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For Candice Majewski, a career in engineering wasn’t always an obvious choice.
“I was always quite good at math and physics in school,” Dr Majewski said. “I’d never even really heard of engineering until a careers person said, ‘oh, um, you’re into math and physics, have you considered engineering?’ and I kind of went, ‘well what’s that?’”
Now a Senior Lecturer in the University of Sheffield’s Department of Mechanical Engineering, MAPP Investigator Dr Majewski studies additive manufacturing — AKA 3D printing.
“I work with a very specific type of 3D printing process, which uses polymer powders to produce parts,” she said. “What’s most exciting at the moment I think is we’re getting into a lot of work looking at the real scientific understanding of what happens, not just ‘you put the material in the machine and out comes the thing,’ but ‘what’s happening to that material and how is it changing?’ and ‘if I change something on the machine, what does that mean in terms of what happens during the process itself?’”
Dr Majewski added that the focus for most people studying additive manufacturing has been on metal processes. Since printing processes using polymer powders are relatively unstudied, her research can raise more questions than it answers.
“Sometimes you create more problems than you realize were there in the first place, but it just gives you more stuff to work on,” she said.
I asked Dr Majewski what she really wanted people to understand about her research. Her answer was somewhat unexpected.
The flowers she had printed for her wedding.
“What I would want them to know is that when I got married, my wedding flowers were 3D printed,” she said. “I like people to know that I really really am excited by what I do because I think that if you meet someone and they’re super excited about their thing, you get excited by that thing.”
Research in 3D printing isn’t just something she does to make a living; Dr Majewski said she wants people to understand how fascinated she is by the process and its everyday applications.
She said the flowers were printed from a nylon-type material in the U.K., but since her husband is American, she had to transport them across the Atlantic.
“I had to take them in a box full of packing material on the plane, which was nerve-wracking,” she admitted. “It wasn’t like I could just nip to a store and buy another set!”
What does Candice Majewski find most rewarding about her work?
3D printing is a highly collaborative and interdisciplinary venture, and Dr Majewski said she’s excited by the discoveries coming out in different fields that she can apply to her own work.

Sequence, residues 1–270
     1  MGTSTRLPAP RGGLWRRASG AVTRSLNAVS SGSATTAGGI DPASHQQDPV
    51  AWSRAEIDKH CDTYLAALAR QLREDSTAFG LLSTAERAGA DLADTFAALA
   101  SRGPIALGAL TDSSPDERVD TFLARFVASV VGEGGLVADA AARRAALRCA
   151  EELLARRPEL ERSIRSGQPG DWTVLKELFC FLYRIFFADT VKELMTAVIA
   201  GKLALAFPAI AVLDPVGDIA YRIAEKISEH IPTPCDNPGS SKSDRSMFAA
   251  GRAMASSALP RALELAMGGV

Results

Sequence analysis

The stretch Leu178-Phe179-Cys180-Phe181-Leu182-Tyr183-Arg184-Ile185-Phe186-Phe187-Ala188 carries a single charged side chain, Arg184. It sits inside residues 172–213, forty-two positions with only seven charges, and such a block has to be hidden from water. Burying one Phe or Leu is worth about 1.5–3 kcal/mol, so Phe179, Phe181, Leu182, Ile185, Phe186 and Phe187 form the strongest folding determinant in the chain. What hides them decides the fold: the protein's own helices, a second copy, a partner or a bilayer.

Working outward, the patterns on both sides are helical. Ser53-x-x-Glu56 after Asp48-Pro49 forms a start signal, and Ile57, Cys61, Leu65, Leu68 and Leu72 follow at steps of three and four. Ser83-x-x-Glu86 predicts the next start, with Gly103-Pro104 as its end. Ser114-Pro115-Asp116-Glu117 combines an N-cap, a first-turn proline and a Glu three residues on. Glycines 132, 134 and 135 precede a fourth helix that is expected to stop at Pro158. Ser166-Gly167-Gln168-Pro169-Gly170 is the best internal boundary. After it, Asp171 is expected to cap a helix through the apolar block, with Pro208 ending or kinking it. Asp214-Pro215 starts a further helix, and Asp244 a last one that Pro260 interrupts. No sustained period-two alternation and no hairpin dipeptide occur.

“We’ve got some work going on with some people in our statistics department,” she said. “We’ve got people who do imaging — taking thermal pictures of what’s going on in the process and seeing how we can develop our understanding through that.”
But it’s also rewarding to work or speak with people who aren’t very familiar with 3D printing, according to Dr Majewski.
It’s a technology that has generated a lot of fascination — and confusion — among the public.
“I spoke to a very nice, very elderly guy at an event we did which was just a series of talks in pubs, and he was just blown away by it,” Majewski said. “He was being picked up by someone, I think his wife was giving him a ride home, and he just looked so sad when he had to go because he was so excited by it.”
This fascination can make people get a little carried away.
Dr Majewski said she sometimes has to temper people’s expectations and dispel misconceptions when she does outreach.
“A lot of people have a lot of wrong ideas about it, and so that’s sometimes the hard thing,” she said. “Someone thinks that we’re going to 3D print an entire person next year — and well, of course, we’re not — so sometimes we try to just reign people in a little bit, say, ‘you know, no, actually, we can’t do that, but here’s some other cool things that we can do.’”
What is Candice Majewski’s personal powerhouse?
“I think my answer at the moment would actually be the whole 3D printing community,” she said. “Whatever funding we’ve got and whatever project we’ve got and wherever we’re based, we’re all working towards the same thing…how can we make these processes better, more useful, and cover a wider range of things?”
A lot of disciplines are highly collaborative, and researchers often benefit from an open flow of ideas and even data. According to Dr Majewski, this collaborative spirit is especially important in 3D printing.
“I was over at a conference in the U.S. last week, and I was talking to someone, and I said, ‘oh we’re about to start doing this thing,’ and they just turned around and said, ‘oh I’ve got lots of data on something related to that if you want I’ll just share it with you,’” Majewski said. “That level of wanting to work together…maybe there are lots of other areas where that’s true, but I don’t think it’s true of every area.”
This article was originally published by Powerhouse. You can follow Powerhouse on Twitter @NewsPowerhouse.
The Royal Society Pairing Scheme.